In the 1966 movie “Fantastic Voyage”, the character Cora declares: “We’re going to see things no one has ever seen before. Just think about it.” (Richard Fleischer, director)

In “On the Road” (original scroll version), Jack Kerouac writes: “But no matter, the road is life.”



The substantial rally in the broad real trade-weighted United States dollar (“TWD”) that embarked in mid-2011 played a key part in encouraging (confirming) and accelerating bear movements in emerging marketplace stocks and commodities “in general”. The S+P 500’s majestic rally over its spring 2011 interim high diverged for about four years from the trends in emerging equity realms and commodities. However, the TWD’s 2015 ascent above its March 2009 peak was a crucial event; this dollar climb helped propel the S+P 500 downhill following its 5/20/15 pinnacle at 2135 in conjunction with the emerging stock marketplace and commodity trends.

In January/February2016, these linked price patterns partly reversed. The TWD has depreciated and stocks (emerging marketplaces as well as those of America and other advanced nations) have rallied. Commodities (particularly oil) jumped. The benchmark United States Treasury 10 year note yield ascended from its low. This relatively unified reversal across marketplace sectors paralleled the entwined moves since mid-to-late 2015. Highly accommodative central bank rhetoric and action by the Federal Reserve Board and its allies aimed at achieving their targeted two percent inflation destination will continue for an extended period. For example, note the Fed’s 3/16/16 meeting and its Chairman’s very dovish speech, “The Outlook, Uncertainty, and Monetary Policy” (3/29/16). Underline the expansion of the European Central Bank’s easing scheme (most recently 3/10/16) and the lax policies of the Bank of Japan. Consequently, the current marketplace interrelationships (“roughly trading together”) probably will persist for the near term, regardless of whether the pattern of mid-2015 to first quarter 2016 resumes or that since mid-first quarter 2016 continues. Marketplace history of course need not entirely or even substantially repeat itself.


Concentrating on and comparing exchange rates of “commodity currencies” alongside the broad real trade-weighted dollar trend offers additional notable insight into the assorted interconnected marketplace relationships. Commodity currencies, associated with countries with large amounts of commodity exports, are not confined to developing/emerging nations. Because commodity exports are significant to the economies of advanced countries such as Australia, Canada, and Norway, the currencies of these lands likewise can be labeled as commodity currencies.

The bearish currency paths (effective exchange rate basis) of important emerging and advanced nation commodity exporters up to first quarter 2016 resembled the similar trends among them during the 2007-09 worldwide economic disaster era. However, these commodity currencies depreciated notably more in their recent dive than during the 2007-09 turmoil. In addition, the lows attained by most of them decisively pierced the floors achieved about seven years previously. Moreover, the TWD rallied more sharply in its bull move to its January 2016 elevation than it did during the past crisis.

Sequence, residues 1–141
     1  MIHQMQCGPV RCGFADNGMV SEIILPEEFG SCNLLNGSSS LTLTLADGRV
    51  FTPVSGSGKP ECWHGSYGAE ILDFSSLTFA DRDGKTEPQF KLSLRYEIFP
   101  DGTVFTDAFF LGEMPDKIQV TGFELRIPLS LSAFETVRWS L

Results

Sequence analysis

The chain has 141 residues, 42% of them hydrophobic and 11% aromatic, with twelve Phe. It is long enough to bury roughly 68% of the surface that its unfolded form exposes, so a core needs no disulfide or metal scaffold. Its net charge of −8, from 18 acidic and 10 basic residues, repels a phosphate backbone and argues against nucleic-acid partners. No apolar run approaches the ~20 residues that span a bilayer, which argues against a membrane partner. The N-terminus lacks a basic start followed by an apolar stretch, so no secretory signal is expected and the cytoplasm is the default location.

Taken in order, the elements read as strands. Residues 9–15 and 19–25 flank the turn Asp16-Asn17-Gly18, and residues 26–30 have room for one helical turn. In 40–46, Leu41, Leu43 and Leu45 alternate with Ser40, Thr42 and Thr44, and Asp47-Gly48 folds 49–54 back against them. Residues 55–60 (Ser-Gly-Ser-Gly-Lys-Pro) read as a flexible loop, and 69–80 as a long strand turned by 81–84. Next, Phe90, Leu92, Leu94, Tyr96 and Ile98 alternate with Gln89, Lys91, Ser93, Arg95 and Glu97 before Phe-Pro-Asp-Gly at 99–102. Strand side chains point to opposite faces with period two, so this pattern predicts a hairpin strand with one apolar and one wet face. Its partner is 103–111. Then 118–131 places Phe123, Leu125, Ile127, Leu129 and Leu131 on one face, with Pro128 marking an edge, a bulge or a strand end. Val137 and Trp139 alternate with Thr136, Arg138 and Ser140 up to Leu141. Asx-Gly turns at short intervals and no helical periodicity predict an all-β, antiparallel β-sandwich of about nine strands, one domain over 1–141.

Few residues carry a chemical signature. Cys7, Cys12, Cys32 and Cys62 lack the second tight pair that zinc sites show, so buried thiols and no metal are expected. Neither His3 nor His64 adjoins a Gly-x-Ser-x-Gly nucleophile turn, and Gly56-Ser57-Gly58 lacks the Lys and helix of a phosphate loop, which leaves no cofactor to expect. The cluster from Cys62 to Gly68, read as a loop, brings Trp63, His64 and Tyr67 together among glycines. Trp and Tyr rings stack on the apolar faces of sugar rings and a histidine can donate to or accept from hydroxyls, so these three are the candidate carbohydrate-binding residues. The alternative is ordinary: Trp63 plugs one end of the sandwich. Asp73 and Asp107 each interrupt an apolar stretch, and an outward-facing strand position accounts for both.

The feebleness in recent times for the commodity currency group, as it involved both advanced and emerging marketplace domains (as it did in 2007-09), reflected an ongoing global (not merely emerging marketplace) crisis. Substantial debt and leverage troubles still confront today’s intertwined worldwide economy. The bear trip of many commodity currencies into early first quarter 2016, especially as it occurred alongside big bear moves in emerging marketplace stocks (and in the S+P 500 and other advanced stock battlefields) and despite long-running extremely lax monetary policies, underlines the fragility of the relatively feeble global GDP recovery.

Thus noteworthy rallies in these commodity (exporter) currencies from their recent depths will tend to confirm (inspire) climbs in commodities in general and emerging (and advanced) nation stock marketplaces. Renewed deterioration of the effective exchange rates of the commodity currency fraternity “in general” likely will coincide with renewed firming of the US dollar. Such depreciation in the commodity currency camp probably will signal worsening of the current dangerous global economic situation and warn that another round of declines in global stock marketplaces looms on the horizon.


Therefore key central bank captains, concerned about slowing real GDP and terrified by “too low” inflation (deflation) risks, have fought to stop the TWD from appreciating beyond its January 2016 top and struggled to encourage rallies in the S+P 500 and related stock marketplaces. Yield repression (very low and even negative interest rates) promotes eager hunts for yields (return) elsewhere. Indeed, rallies in the S+P 500 (and real estate) may help inflation expectations (and inflation signposts monitored by central banks such as consumer prices) to motor upward. Given their desperate quest to achieve inflation goals, central banks probably approve of at least modest increases in commodity prices in general.

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Fantastic Voyages- the US Dollar and Commodity Currencies (4-3-16)